Web site optimisation starts at the design stage. Before discussing details of how to optimise HTML, CSS or images, we should consider how high-level design decisions will affect the bandwidth use of your site.
Like a good road network, your website needs to be well connected and signposted. By providing a logical hierarchy to the pages on your website you will save your users from wasting bandwidth by loading unnecessary pages before finding the one they want.
Before deciding upon the visual aspect of your site navigation, it's important first to have organised the pages of your website into a logical hierarchy.
If possible, ask a few potential users of your website to help in this process. Give them a list of your pages and ask them to categorise the pages into groups. Then ask each of the users to name the groups. These groups and names will help you design the menus and links that will make up your website's navigation.
For example, the website for an online publisher of journals might have the following structure:
- Most Popular Journals
- Journals A-Z
- Journals A
- Journals B
- Journals by Subject
- Applied Arts
- Applied Arts
- Search Catalogue
- About us
- Contact us
Navigation to any area of the site should be both intuitive and achievable and take only a few steps so that downloading time is minimised. In the example above, the most popular journals could even be linked directly from the front page, making the download only one step away. The A-Z index would allow users to look up journals where they know the title. The subject index would provide an alternative method where the title isn't known. The search facility would by default allow users to search for journals by keyword, with maybe an advanced search option to restrict the search by article author or date.
If your website links to documents on another site, it should still be possible to access them in a minimum number of steps. Ideally, the documents should download directly from a link on your website, without the need for the user to navigate through the linked website.
Users want to find the information they are looking for quickly and without having to go through intermediate steps, such as filling in contact details for registration or logging in. If certain areas of your site are restricted to registered users, warn them of this but don't force them to register or log in until the final stage when they have found the information they are looking for. Users are less likely to log in or register their details if there is no incentive for them to do so.
Depending on your target audience, it may be necessary to make your website available in several languages. Users should be able to visit a particular language version of your home page without the need first to load the page in the default language. Make it clear if certain areas of your website are only available in one particular language.
Good website structure and intuitive navigation are key to a successful design. For larger websites, these can be complemented with a site map or site index and search facility, which we discuss in the Search chapter.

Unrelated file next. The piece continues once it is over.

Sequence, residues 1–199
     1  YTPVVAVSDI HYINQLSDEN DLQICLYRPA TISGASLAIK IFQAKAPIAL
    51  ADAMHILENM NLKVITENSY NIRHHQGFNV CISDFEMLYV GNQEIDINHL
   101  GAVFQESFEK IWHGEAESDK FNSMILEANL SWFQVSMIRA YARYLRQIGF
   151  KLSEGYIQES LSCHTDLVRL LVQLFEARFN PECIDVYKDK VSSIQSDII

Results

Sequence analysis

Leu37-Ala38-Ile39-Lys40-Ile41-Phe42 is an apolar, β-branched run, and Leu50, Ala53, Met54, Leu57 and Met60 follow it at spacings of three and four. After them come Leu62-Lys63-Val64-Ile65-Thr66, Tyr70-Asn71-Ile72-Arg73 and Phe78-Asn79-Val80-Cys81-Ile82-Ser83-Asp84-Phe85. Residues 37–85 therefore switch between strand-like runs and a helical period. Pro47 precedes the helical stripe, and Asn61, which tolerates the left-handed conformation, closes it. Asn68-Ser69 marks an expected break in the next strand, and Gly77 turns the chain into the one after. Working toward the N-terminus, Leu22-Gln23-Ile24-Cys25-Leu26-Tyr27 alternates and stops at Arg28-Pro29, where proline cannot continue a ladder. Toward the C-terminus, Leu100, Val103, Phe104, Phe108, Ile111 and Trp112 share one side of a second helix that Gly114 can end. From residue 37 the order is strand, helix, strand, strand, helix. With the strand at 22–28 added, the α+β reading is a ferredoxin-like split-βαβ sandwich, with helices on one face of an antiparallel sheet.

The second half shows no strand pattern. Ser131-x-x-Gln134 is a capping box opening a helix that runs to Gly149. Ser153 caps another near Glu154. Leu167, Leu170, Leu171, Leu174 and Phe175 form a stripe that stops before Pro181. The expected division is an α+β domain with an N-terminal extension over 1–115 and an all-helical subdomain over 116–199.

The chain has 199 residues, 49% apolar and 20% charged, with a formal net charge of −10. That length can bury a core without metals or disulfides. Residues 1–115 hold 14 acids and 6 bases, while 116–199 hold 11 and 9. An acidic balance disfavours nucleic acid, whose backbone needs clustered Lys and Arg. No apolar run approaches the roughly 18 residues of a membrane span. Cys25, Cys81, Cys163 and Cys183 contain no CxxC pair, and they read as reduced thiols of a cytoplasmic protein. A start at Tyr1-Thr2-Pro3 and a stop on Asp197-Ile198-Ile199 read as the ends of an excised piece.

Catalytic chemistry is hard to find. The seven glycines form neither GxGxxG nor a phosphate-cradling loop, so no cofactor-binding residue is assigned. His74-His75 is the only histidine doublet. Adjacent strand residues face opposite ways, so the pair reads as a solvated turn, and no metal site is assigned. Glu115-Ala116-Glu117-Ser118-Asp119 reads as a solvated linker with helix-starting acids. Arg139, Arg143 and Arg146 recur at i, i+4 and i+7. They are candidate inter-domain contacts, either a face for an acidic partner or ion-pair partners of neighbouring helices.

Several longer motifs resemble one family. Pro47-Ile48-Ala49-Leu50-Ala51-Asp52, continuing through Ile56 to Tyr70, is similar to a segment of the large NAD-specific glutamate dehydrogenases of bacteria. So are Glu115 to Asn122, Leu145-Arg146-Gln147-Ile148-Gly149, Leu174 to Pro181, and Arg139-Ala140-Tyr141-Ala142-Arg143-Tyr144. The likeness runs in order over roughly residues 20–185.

Static and Dynamic Content
Static pages are pages that do not change. Dynamic pages are created on the fly with scripting languages such as PHP.
Taking a static approach allows the user to cache the content, reducing their bandwidth use and speeding up loading. We explain more about caching in the Caching chapter.
Sometimes scripting is used to serve up what are essentially static pages. For example, news sites may have archives of news articles which are stored in a database. Server-side scripts will generate web pages from the contents of the database. But the individual news article pages are effectively static. Content Management Systems (CMS) or server-side scripts will generate these pages in a way that will stop the user from being able to cache them. For instance they will not set an Expires or Last-Modified header or disable caching.
Static content also allows the web server to work out the length of the file and send a Content-Length header. The browser can then display progress while downloading the page. This is important for large pages. If the user doesn't see some sign of progress within 10 seconds, they are likely to give up or reload the page.
Minimise HTTP Requests
According to W3Schools, 14% of their visitors still have 800x600 screens, and this is from a community of web developers one would expect to be using higher-resolution displays than the average web user. We estimate that 30% of users within the developing world have a screen resolution of 800x600.
In general it is best practice to design your site so that it resizes smoothly to any browser window size. Where you need to specify a size, it is usually best to give it as a percentage (of the container element); second best is a measurement in ems (calculated from the font size of the element), and the least preferred option is to give a measurement in pixels. It is a good idea to test your website with different font sizes and browser window sizes to ensure that it remains usable over the widest possible range.
However if you are designing your site to a fixed screen resolution then we would advise designing for 800x600 resolution.
- Good site structure and navigation will reduce bandwidth used
- Use static rather than dynamic content where possible
- Minimise the number of HTTP requests
- Make your design resolution independent or design for 800x600 screen resolution